NNPA — Two weeks ago, I was sent a video of a Hispanic woman interrupting a speech by Jeff Stratton, president of McDonald’s USA. He was giving a speech at the Union League Club of Chicago. Nancy Salgado, the Hispanic woman in question, became Exhibit A for what is gone wrong in today’s workforce: rudeness and what the Bible calls slothfulness.
Salgado is a 26-year-old cashier at a McDonald’s in Chicago. She has two children out of wedlock and earns $8.25 an hour for working 30 to 40 hours a week. She has worked for McDonald’s since she was 16 and claims, without offering any documentation, that she has never received a raise in her decade of working at Mickey D’s.
Salgado rudely interrupted Stratton’s speech by shouting, “Do you think it’s fair that I have to be living on a poverty wage? Do you think it’s fair that I am making $8.25 while I’ve worked for McDonald’s for 10 years? Do you think it’s fair? My two kids are struggling because you can’t raise our minimum wage. I don’t believe that’s fair. What do you have to say?”
If I had been in the audience, I would have gladly answered for Stratton.
No, you don’t have to live on poverty wages. If you have been with a local franchisee for 10 years and have never received a raise, then there must be a whole lot more to your story that you aren’t sharing. McDonald’s has one of the best training programs for employees in the United States. It is not possible to work for a franchisee, take advantage of their training programs and not to receive raises and promotions. That can’t happen at McDonald’s, if you have a commendable work record.
The second point: It’s not McDonald’s fault that you decided to have two kids without the benefit of being married. If you couldn’t afford to have children, why didn’t you abstain, take birth control, or get married and then have kids?
Salgado wants to put that responsibility at the feet of McDonald’s? Really? Give me a break. She made a series of horrible decisions and now she wants someone else to foot the bill for her mistakes.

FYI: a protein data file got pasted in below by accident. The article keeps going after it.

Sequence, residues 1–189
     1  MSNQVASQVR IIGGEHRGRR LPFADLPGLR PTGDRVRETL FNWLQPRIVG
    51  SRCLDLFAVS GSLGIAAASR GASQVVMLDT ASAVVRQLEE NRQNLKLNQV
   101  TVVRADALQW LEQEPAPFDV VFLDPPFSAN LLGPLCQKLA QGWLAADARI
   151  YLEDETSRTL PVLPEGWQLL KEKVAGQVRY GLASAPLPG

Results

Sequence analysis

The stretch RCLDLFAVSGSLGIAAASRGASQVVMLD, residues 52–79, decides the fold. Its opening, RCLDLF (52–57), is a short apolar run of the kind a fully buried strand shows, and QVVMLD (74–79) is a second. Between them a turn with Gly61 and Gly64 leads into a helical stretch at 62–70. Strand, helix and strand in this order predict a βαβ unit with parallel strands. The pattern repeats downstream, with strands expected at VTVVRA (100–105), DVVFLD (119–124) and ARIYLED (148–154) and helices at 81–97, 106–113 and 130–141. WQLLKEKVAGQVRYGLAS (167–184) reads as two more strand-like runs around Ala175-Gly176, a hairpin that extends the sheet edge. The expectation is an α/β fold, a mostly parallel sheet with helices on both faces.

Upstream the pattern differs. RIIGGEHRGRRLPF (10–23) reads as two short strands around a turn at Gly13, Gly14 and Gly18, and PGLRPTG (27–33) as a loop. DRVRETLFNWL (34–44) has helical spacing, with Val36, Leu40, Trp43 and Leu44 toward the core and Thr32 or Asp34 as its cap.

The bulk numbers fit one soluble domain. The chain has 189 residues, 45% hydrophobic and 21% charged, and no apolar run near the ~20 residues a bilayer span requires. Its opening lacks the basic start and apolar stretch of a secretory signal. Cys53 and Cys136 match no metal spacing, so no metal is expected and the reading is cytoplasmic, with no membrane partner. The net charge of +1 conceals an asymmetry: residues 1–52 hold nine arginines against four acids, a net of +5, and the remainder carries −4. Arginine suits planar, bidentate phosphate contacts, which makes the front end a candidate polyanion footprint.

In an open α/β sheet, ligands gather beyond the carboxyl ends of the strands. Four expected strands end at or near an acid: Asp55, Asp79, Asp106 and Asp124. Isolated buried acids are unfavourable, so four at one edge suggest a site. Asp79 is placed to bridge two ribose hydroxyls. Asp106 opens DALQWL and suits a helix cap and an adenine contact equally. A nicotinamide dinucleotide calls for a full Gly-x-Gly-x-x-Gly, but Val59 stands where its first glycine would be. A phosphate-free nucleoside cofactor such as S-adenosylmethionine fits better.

The interruption was orchestrated by a liberal group that advocates $15 an hour wages for fast food industry employees. Salgado and the other protesters were issued tickets by the police for trespassing.
I called Jessica Desvarieux, the reporter who interviewed Salgado for The Real News Network in Baltimore. A more appropriate name for the outfit would be “The Real Liberal News Network.” In our conversation, she attempted to portray Salgado as a martyr.
After I challenged Desvarieux on her bias, she rushed off of the phone, saying she had a meeting to attend. She had absolutely no interest in balancing her story with McDonald’s point of view or asking Salgado why she never took advantage of McDonald’s training programs.
I had an opportunity to discuss the issue with Don Thompson, the president and CEO of McDonald’s Corp. I mentioned that I thought McDonald’s specifically and the fast food industry in general, has done a horrible job of addressing these types of volatile issues. He acknowledged that they could do a better job in this area.
McDonald’s has a great story to tell, but for some reason they seem reluctant to tell it. The first thing they need to do is to reach out to their own franchisees, especially those in the black and Hispanic communities. I would start with Van Jakes, a retired N.F.L. cornerback and a McDonald’s franchisee for 21 years. He represents all that is good in a former professional athlete. He is a good corporate citizen in the Atlanta community and has been a good McDonald’s franchisee.
During Van’s time with McDonald’s, he has had employees start at the bottom and now own their own restaurants. He found it inconceivable that any of his employees could work for him for 10 years, take advantage of the employee training programs, and still be in the same position that they started in. Others in the chain share that sentiment.
If McDonald’s does not challenge these lies, they will become the truth. McDonald’s seems to be headed down the same wayward road that other corporations have traveled. I have worked with the oil industry, the nuclear power industry, and the music industry, providing strategic advice to each on how to navigate certain issues that could hurt their brand.
My experience is that corporations tend to be more reactive than proactive. They don’t seem to realize that it is cheaper and wiser to prevent a problem rather than wait to correct it.
To McDonalds, I say stop being afraid to tell your story and take advantage of the great people you have within your organization, including Van Jakes.
And when it comes to Nancy Salgado and other malcontents, if they are that unhappy with their job, they can pick up their last check the same way customers pick up their Big Macs and French fries at the drive-thru window— to go.
Raynard Jackson is president & CEO of Raynard Jackson & Associates, LLC., a Washington, D.C.-based public relations/government affairs firm. He can be reached through his website: www.raynardjackson.com.